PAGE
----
Was your PTSD claim denied? Learn all about PTSD VA disability benefits appeals below. Many veterans are denied who later win their appeals. If you have more questions after reading the information below, give us a call. Woods & Woods always offers free PTSD appeal evaluations. Learn your legal rights at no cost. For help, just call toll-free (866) 232-5777 or fill out the contact form and we’ll be in touch with you soon.
About PTSD VA Disability Benefits Appeals
You are not alone: Lots of veterans initially have their PTSD claim denied. The VA makes a lot of mistakes and regularly denies legitimate PTSD claims. Don’t be discouraged by your denial. You can file a PTSD benefits appeal.
Denials are not the end of your PTSD claim: Many veterans must file PTSD VA disability benefits appeals after a denial. Appealing may be your only route to obtaining benefits after a denial. Luckily, your initial PTSD benefits decision is not final.
You have a limited amount of time to appeal: Veterans have one year from the denial to file PTSD VA disability benefits appeals. However, we suggest you begin your appeal right after your denial. The VA disability benefits appeals process is time-consuming. You don’t want to drag your claim out longer than it will already take. Again, our advice is to start working on your PTSD benefits appeal immediately following your denial.
Steps to Filing PTSD VA Disability Benefits Appeals
- Your PTSD claim is denied: Before filing PTSD VA disability benefits appeals, you are going to have to receive a denial. Even if you suspect the VA may deny your application, you need to wait to appeal until you actually do get the denial.
- Get a qualified opinion: Too many veterans take bad advice about filing PTSD VA disability benefits appeals. There are a lot of unqualified free veterans services that don’t know enough VA law to get veterans’ appeals filed correctly. You have one shot to appeal your PTSD denial. Make sure you do it correctly, only take good advice, and only get qualified assistance.
- Gather evidence for your claim: We highly suggest you do not re-submit the same evidence that resulted in your denial. Good evidence is going to greatly increase your chances of filing successful PTSD VA disability benefits appeals. You can read more about evidentiary requirements later on in this page.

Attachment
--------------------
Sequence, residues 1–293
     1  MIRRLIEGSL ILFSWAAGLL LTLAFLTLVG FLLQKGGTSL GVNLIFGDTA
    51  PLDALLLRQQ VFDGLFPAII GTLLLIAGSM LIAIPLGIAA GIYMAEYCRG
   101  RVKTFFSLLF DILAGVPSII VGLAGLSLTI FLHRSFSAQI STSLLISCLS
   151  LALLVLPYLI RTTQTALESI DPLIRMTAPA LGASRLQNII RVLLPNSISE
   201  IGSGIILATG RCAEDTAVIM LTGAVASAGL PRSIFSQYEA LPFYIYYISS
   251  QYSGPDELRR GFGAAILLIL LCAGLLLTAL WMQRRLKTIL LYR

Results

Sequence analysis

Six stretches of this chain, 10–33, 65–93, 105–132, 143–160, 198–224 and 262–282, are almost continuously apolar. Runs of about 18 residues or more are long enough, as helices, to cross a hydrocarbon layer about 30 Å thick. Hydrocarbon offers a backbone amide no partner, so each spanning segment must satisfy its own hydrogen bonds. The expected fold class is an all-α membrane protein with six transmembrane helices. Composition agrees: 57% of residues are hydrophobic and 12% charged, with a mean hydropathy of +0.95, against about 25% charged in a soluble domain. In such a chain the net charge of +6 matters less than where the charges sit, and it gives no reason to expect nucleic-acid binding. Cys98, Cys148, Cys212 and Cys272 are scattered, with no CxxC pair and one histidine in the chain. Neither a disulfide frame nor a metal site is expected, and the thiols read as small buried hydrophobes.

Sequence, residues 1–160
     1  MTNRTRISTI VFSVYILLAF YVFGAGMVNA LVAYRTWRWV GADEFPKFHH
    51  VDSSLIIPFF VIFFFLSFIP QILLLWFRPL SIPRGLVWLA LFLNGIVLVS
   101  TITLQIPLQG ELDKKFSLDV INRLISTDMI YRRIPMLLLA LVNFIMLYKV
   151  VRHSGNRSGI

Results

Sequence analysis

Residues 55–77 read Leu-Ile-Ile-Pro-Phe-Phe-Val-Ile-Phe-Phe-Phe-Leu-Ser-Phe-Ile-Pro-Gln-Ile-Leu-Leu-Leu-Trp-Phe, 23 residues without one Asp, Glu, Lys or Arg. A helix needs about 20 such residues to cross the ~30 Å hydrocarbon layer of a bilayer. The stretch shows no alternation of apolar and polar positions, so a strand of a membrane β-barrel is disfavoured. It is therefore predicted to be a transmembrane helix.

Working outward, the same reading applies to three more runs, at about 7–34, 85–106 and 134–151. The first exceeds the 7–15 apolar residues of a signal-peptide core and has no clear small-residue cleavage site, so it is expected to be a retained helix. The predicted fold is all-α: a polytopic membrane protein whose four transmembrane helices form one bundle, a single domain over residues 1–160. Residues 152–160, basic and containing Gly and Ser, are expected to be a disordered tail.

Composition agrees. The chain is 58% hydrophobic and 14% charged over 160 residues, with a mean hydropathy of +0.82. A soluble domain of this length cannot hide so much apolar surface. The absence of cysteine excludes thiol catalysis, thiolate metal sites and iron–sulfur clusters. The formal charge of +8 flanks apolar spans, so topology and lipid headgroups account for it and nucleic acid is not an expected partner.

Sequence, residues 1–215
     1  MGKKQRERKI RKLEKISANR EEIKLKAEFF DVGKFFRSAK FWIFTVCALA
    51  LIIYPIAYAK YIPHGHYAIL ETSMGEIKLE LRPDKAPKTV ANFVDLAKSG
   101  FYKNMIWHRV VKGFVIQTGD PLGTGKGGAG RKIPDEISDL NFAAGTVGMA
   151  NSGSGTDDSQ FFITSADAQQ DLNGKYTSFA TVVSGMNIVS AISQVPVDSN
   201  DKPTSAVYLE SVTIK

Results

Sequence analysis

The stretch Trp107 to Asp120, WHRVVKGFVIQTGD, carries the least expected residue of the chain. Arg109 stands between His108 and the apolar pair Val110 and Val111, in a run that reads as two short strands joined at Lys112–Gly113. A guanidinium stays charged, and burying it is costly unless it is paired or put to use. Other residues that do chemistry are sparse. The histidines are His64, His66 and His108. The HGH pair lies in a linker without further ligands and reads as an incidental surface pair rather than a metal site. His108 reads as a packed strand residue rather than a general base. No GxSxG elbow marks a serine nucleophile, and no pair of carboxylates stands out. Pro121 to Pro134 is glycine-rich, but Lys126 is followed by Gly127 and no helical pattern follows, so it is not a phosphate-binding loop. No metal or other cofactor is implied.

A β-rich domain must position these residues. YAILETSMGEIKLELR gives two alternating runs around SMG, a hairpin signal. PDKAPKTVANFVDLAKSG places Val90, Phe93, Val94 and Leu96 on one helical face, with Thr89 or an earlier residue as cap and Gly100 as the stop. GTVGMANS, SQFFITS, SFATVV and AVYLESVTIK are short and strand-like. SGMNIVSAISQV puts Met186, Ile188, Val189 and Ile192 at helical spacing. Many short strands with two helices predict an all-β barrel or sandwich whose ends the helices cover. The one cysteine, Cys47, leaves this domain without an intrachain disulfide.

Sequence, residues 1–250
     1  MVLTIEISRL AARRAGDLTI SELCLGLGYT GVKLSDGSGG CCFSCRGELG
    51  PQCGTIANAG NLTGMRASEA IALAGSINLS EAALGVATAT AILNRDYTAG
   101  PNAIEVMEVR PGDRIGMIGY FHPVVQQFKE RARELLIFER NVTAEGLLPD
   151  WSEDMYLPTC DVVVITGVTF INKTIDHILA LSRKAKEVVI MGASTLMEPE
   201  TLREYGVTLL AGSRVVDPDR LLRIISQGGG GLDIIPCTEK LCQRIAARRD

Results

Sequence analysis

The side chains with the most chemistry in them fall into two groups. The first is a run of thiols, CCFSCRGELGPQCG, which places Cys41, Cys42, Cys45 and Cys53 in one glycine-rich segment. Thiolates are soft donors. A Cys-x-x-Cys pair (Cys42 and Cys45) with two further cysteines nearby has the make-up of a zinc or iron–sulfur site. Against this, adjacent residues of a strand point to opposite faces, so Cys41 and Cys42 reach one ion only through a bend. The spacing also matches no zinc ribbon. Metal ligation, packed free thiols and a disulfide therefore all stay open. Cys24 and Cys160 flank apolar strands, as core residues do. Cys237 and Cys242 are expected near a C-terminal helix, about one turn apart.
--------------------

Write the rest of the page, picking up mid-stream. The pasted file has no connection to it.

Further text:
- File a Notice of Disagreement (NOD): The Notice of Disagreement lets the Veterans Administration know that you disagree with their decision. Veterans and their family members must file the NOD within one year from the date the decision was made.
- File your Statement of the Case (SOC): The Veterans Administration will send the Statement of the Case (SOC) to the veteran or their lawyer. This often takes a while; sometimes around 200 days. The SOC should be reviewed carefully for any mistakes. We have almost come to expect mistakes on the SOC.
- File a Form 9: If you wish to appeal, you must now file a VA Form 9 to begin the appeal to the Board of Veterans Appeals (BVA). You must meet the time limits for filing a Form 9 or you forfeit your right to appeal. We highly suggest you contact a Board of Veterans Appeal (BVA) attorney to handle your Form 9.
Help For Vets That Can’t Work From PTSD
Veterans that are unable to work from their PTSD may be eligible to receive PTSD Individual Unemployability benefits. These benefits pay the same as a 100% rating, but do not require your disabilities to total a 100 percent veterans benefits rating. The VA is going to consider your impairments and how they affect your ability to work. If you cannot keep or obtain gainful employment, you may be eligible.
The Bureau of Labor and Statistics found there were 543,000 veterans that were currently unemployed. Many of those veterans are unemployed because of service-connected disabilities. Certain diseases such as diabetes, heart disease, hypertension, and sleep apnea are very common among veterans. All of these are disabling impairments that can prevent veterans with PTSD from working.
Evidence You Will Need for PTSD VA Disability Benefits Appeals